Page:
Grand Prize Grand Central Terminal dodged the wrecking ball and - TopicsExpress


Grand Prize Grand Central Terminal dodged the wrecking ball and survived neglect to reach its centennial in exquisite fashion—with help from some of New York’s select Share on facebook Share on twitter Share on print Share on email Share on linkedin More Sharing Services Society and Culture - Grand Prize POSTED BY: JoAnn Greco September 11, 2013 0 It’s hard to think of any public building that has worked itself into the public consciousness as thoroughly as Grand Central Terminal. The Beaux-Arts masterpiece—which celebrated its 100th anniversary this year—has become a handy metaphor for a familiar kind of orchestrated busyness, a place where the urban ballet is played out in a swarm of people rushing to catch a train to work or simply see the sights in New York, the nation’s most populous city. But midtown Manhattan’s huge train terminal—with its 13-foot Tiffany clock, twinkling ceiling of celestial constellations and cathedral-like main concourse—has also earned a place in the annals of historic preservation. The 10-year battle to save it included everything from a powerful grassroots effort marshaled by a former first lady to a Supreme Court decision, before setting a precedent for the public’s right to protect historic structures. This particular building is only the most recent of several splendid rail stations that graced this 48-acre site. In 1871, shipping magnate “Commodore” Cornelius Vanderbilt built a massive pile of red bricks he dubbed Grand Central Depot. “Behind the building, rail yards stretched for 16 blocks,” says Anthony W. Robins, author of Grand Central Terminal: 100 Years of a New York Landmark. “This area was the sticks, but by the time the Depot was annexed in 1885 and then almost totally renovated in 1900 to become Grand Central Station, an entire neighborhood had developed.” The turn of the 20th century demanded a completely new structure, one that would be a bit more protective of the burgeoning tony neighborhoods surrounding the station. “No one wanted the smoke and steam that the trains brought,” says Robins. “Least of all, the owners of the mansions nearby on Fifth Avenue.” When a fiery train collision in the Park Avenue tunnel killed 15 people in 1902, the public outcry for electrification—a new technology—sealed the demise of the steam locomotive. By the year’s end, plans were under way to demolish the existing station and create a terminal equipped to handle electrified trains. The responsibility for that task went to the railroad’s chief engineer, William J. Wilgus, who devised a plan to sink the rail yards underground. Demolishing the surrounding buildings, excavating the 16 city blocks and constructing a brand-new terminal would take a decade and cost $43 million. The mechanics utilized underneath the city may have been revolutionary for the times, but so were the station’s interiors, which included an ingenious use of ramps by Reed and Stem, the St. Paul, Minn., railroad architects who had won the commission over higher-profile contenders like McKim, Meade and White and Daniel Burnham. When the station was completed, The New York Times called Grand Central the “first stainless railway terminal in history.” Robins says it was the “first people-mover, designed not just for the convenience of passengers but to keep the crowds flowing smoothly.” The terminal’s ornamental splendor—its heroic statuary, triumphal arched entranceways, carved friezes, marbled expanses and glittering chandeliers—came courtesy of an associate architectural firm, Warren and Wetmore, and the coterie of French-trained artisans it hired. Their work amazed those who first saw it; 150,000 spectators came to gawk when the terminal opened. The Washington Post deemed it “one of the phenomenal modern structures of the world.” The New York Herald gushed: “Here is a space like the nave of an Old World cathedral.” Many special features were added: a circular information booth; the famed Oyster Bar restaurant outfitted in Guastavino tile; and the gigantic Kodak “Colorama” advertisement. There were also celebrations (countless New Year’s Eve events, many a baseball championship), exhibitions (a 1957 Redstone missile) and regular organ concerts. But none of it was enough. When in the 1950s New York City was engaged in another round of modernization, the terminal soon became a target for redevelopment. In 1963 demolition began on Pennsylvania Station, the great depot across town. Built in 1910 in a style that merged the Roman Baths of Caracalla with the soaring glass of Europe’s great train sheds, its loss was dubbed a “monumental act of vandalism” by the Times and resulted in the formation of the New York City Landmarks Preservation Commission. In 1967, that body designated Grand Central Terminal a landmark, subject to the protection of the law. A year later, though, the terminal’s owner, Penn Central, announced plans to build a tower over the building that would obscure, and even partially demolish, some of it. For many, this was unfathomable. A handful of determined New York luminaries, architectural cognoscenti, civic leaders and institutions—including, for starters, Jacqueline Kennedy Onassis, architect Philip Johnson, then congressman (and future city mayor) Ed Koch, and the Times—rallied to save the terminal. “The National Trust got involved, there was a considerable private sector effort, there was a very serious legal and scholarly set of activities, and there was a host of concerts and benefits,” recalls Kent Barwick, then executive director of the Municipal Art Society, which took the helm in leading the fight. “Seemingly all of New York came out in support of a modern engineering project that stirred the soul. They understood that built works of art could be as valuable as change.” The developers countered, saying that landmark protection impinged on their rights. The legal dispute ultimately arrived at the doorstep of the Supreme Court, which in 1978 ruled in the city’s favor. The building was spared but soon fell victim to the general neglect that plagued New York and other large American cities during the era. The homeless took over the waiting rooms, the stonework fell into disrepair, the roof leaked. By 1990, a new tenant—Metro-North, formed from a consolidation of several older rail lines—had taken over operations of the building. It created a $425 million master plan to restore the terminal’s glory. Over the next decade, an effort led by architects from Beyer Blinder Belle painstakingly brought the building back to its original splendor—and even added a few flourishes. There was a second grand staircase to match the existing one in the main concourse and a food court on the lower level. A freshly cleaned, heavenly blue ceiling was unveiled, a revelation to a generation of commuters who had never really noticed what was above them. Today some 750,000 people swirl through the massive rail station every day, and more than 21 million visit Grand Central annually. The terminal still isn’t finished (plans call for the addition of tracks serving the Long Island Railroad), nor is the surrounding neighborhood. Mayor Michael Bloomberg has expressed a willingness to up-zone the entire area, allowing for the erection of still taller buildings, a move he says is necessary to keep the city competitive with growing commercial epicenters like Shanghai. But not everyone has bought in, signaling that the battles over the future of Grand Central Terminal may not be over. “There’s the fear that, again, we’re rushing things to keep up,” says Barwick. “It reminds me of that old line that says New York will be a great place if they ever finish it. Maybe we haven’t learned as many lessons from Grand Central as we thought.”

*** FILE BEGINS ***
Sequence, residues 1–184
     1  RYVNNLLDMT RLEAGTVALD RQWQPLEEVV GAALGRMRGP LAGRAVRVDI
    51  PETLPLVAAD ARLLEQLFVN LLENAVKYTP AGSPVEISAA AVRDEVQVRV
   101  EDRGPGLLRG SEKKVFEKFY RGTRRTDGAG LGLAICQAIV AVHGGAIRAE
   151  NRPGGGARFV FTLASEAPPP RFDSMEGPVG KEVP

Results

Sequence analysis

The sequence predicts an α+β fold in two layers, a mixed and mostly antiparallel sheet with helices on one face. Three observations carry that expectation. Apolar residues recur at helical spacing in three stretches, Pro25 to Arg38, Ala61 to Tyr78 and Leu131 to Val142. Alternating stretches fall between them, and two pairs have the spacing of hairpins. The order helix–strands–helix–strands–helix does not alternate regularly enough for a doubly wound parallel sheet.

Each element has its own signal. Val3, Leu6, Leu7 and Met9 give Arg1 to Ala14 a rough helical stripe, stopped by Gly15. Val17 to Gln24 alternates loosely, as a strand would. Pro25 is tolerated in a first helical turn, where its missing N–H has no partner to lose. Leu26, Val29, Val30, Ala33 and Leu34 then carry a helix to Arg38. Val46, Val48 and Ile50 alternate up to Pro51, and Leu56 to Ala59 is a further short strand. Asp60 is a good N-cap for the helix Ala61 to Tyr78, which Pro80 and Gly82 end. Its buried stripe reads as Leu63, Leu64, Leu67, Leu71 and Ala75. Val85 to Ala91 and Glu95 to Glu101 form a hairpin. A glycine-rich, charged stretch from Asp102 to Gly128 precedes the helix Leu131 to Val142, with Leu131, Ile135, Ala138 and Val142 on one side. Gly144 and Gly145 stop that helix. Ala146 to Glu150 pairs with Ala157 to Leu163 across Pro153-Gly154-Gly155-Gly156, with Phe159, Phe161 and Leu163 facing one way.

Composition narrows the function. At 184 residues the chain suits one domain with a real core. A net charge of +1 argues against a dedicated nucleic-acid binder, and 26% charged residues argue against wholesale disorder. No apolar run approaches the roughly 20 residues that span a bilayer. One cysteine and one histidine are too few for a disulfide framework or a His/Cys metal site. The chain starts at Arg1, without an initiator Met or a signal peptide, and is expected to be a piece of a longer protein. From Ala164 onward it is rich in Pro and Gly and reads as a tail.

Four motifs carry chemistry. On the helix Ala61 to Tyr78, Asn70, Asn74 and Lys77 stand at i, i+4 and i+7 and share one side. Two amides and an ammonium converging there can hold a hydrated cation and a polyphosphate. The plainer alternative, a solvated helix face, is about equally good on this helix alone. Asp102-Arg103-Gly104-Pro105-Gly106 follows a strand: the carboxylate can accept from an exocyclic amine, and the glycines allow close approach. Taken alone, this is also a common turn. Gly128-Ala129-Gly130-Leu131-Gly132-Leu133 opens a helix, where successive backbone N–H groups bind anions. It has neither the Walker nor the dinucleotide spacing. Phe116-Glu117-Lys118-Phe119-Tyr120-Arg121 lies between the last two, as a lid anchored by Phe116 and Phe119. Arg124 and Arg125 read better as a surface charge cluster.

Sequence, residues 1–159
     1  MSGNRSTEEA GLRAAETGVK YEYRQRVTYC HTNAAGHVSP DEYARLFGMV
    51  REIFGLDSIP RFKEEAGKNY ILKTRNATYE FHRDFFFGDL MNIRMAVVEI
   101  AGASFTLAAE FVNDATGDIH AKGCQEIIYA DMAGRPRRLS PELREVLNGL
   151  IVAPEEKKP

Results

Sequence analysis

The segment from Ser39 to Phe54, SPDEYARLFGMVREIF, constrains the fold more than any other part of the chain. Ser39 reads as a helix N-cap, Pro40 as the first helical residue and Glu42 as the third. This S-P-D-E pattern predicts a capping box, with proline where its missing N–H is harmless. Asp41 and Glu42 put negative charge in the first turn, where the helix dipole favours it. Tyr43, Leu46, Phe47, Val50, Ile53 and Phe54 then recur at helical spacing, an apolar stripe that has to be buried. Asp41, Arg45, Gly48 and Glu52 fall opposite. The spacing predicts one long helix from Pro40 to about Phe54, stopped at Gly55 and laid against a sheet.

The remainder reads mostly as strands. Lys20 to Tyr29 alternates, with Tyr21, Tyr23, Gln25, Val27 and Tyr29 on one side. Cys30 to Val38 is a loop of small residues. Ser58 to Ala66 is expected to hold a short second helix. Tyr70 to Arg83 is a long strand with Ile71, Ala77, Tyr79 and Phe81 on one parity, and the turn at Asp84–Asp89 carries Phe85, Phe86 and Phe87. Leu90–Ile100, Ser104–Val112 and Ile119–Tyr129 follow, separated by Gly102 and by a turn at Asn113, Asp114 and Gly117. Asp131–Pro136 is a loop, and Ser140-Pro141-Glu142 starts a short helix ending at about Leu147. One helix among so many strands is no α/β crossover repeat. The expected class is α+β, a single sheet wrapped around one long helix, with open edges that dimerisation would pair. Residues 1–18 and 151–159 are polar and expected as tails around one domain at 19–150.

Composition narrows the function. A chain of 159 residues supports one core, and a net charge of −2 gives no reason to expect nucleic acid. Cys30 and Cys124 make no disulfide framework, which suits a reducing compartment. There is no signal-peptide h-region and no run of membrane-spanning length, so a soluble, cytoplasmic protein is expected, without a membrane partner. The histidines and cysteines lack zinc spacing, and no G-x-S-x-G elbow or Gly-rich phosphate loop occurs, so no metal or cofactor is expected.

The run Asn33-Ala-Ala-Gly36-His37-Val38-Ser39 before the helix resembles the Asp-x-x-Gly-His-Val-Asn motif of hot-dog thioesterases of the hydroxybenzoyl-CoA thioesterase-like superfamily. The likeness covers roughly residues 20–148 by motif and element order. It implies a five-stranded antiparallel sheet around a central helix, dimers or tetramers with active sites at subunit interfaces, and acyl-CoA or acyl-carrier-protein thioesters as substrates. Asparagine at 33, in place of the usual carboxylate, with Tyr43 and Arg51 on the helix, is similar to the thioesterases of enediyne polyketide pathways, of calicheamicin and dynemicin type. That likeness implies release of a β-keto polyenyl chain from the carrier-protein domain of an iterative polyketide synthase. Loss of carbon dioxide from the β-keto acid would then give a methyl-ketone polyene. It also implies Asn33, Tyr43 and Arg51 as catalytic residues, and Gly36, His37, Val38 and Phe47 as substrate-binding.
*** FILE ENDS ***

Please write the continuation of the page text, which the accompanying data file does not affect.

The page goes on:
Posted on: Tue, 24 Sep 2013 04:13:56 +0000